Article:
In March of 2020, 3.6% of workers in the United States worked from home half-time or more. By June, the share of the U.S. workforce working from home was 42% — and given that 33% of the workforce was not working at all, that represents a majority of employed people.
No shift that large, happening that quickly and unexpectedly, is elegant. Many organizations are still struggling to set up their workforces – and entire business models – to succeed in a prolonged work-from-home environment. Over the course of the pandemic, several truths about standard work-from-home (WFH) models have emerged:
- Forced hybrid models that support both brick-and-mortar locations and remote work are sub-optimized, potentially more costly, and fundamentally inequitable.
Standing up a remote workforce is more than just ensuring employees have the right hardware and can securely access company resources. It requires rethinking each aspect of a company’s business and tailoring it for scalable, home-based work. While there can be some overlap in the processes that support traditional and remote work, maintaining both business models often leads to two subcultures that are not effectively integrated, and can be a drain on company resources that is difficult to justify.
- Workers are burning out at alarming rates as traditional companies labor against the work-from-home learning curve.
In the United States, the number of workers reporting burnout rose by 45% between April and August of 2020. Much of this stress is attributable to management’s struggles operating in a remote environment. Proven processes and management practices designed for remote work are required to sustain a home-based workforce without losing productivity and camaraderie.
- Traditional remote work is mostly reserved for experienced white-collar positions, leaving a significant portion of the workforce out of the picture.
Though the United States is seeing more people commuting to work as the economy recovers, many of workers who were laid off early in the pandemic are now starting new jobs with very low work-from-home rates. Creating sustainable, secure remote work options across more industries will be an important component that can help shelter the economy from massive, unpredictable swings in unemployment during times of crisis, while also providing new opportunities to segments of the workforce for whom commuting presents a hardship.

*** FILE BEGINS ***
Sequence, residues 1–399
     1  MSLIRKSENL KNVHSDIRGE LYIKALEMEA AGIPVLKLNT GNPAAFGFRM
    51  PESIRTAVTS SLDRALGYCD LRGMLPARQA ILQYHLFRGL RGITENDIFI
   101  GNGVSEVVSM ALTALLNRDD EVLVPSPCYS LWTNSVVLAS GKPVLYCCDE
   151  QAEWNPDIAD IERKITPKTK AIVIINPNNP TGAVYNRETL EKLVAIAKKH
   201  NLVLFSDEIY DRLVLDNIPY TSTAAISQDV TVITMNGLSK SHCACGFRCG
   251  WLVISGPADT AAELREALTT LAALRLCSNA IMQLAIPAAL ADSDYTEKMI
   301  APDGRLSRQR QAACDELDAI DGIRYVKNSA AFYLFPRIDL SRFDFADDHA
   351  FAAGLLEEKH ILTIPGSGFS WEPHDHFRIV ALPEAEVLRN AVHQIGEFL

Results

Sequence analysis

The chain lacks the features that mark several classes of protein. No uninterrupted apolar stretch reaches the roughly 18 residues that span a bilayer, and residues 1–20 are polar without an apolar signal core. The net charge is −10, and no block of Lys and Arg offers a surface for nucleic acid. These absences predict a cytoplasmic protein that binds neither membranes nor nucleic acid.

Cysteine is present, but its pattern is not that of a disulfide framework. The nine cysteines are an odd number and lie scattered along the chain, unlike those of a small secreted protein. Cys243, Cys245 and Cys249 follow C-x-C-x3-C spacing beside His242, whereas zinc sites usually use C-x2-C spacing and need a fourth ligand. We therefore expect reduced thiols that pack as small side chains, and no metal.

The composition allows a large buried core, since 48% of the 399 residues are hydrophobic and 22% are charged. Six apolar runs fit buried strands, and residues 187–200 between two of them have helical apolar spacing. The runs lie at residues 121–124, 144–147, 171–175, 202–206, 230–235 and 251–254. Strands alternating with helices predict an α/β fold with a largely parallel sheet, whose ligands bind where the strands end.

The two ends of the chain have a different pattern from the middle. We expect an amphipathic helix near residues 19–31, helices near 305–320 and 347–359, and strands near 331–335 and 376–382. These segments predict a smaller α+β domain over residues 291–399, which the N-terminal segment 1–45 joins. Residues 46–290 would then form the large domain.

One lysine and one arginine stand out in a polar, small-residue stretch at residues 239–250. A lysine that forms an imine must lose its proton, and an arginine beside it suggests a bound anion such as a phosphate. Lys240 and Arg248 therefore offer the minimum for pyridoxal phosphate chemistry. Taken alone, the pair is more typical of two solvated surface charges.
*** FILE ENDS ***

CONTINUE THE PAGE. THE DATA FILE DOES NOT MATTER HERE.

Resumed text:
While standard WFH models are not set up to scale nor to support a permanent remote workforce, there is another model that’s tailor-made for this new workforce reality: the homesourcing model.
Homesourcing, an alternative to hybrid WFH models, is on the rise. Homesourcing is a business model where all of a company’s processes, workflows, platforms, tools, and culture are designed to support the delivery of outsourced work by home-based employees. Before the pandemic, the idea of a fully virtual workforce was rarely contemplated. Now, leading indicators such as the announcement of “virtual first” operations from Silicon Valley giants like DropBox and declining commercial real estate occupancy indicate that homesourcing is poised for substantial growth.
How to Succeed with Homesourcing
Homesourcing is a direct employment model, not gig work. Homesourcing does not act as a go-between for independent contractors and their customers but rather supports a distributed team with unified processes, secure tools, and company culture that enables them to do their best work from home. Support.com has used the homesourcing model for 20 years to provide global enterprises with customer and technical support solutions delivered by a worldwide network of customer support agents (called experts). This experience has put the company well ahead of the remote learning curve.
If you’re considering taking your organization fully virtual, here’s what we learned with two decades of homesourcing experience:
1. To have an excellent remote workforce, you must hire the right people.
In the pandemic, millions of people were forced to work from home regardless of their work styles, preferences, or ability to access a suitable environment. This cultural mismatch is part of why companies have experienced so much friction in transitioning to WFH. Remote work doesn’t fit all employees; it requires a particular mindset and set of characteristics to be successful over the long-term.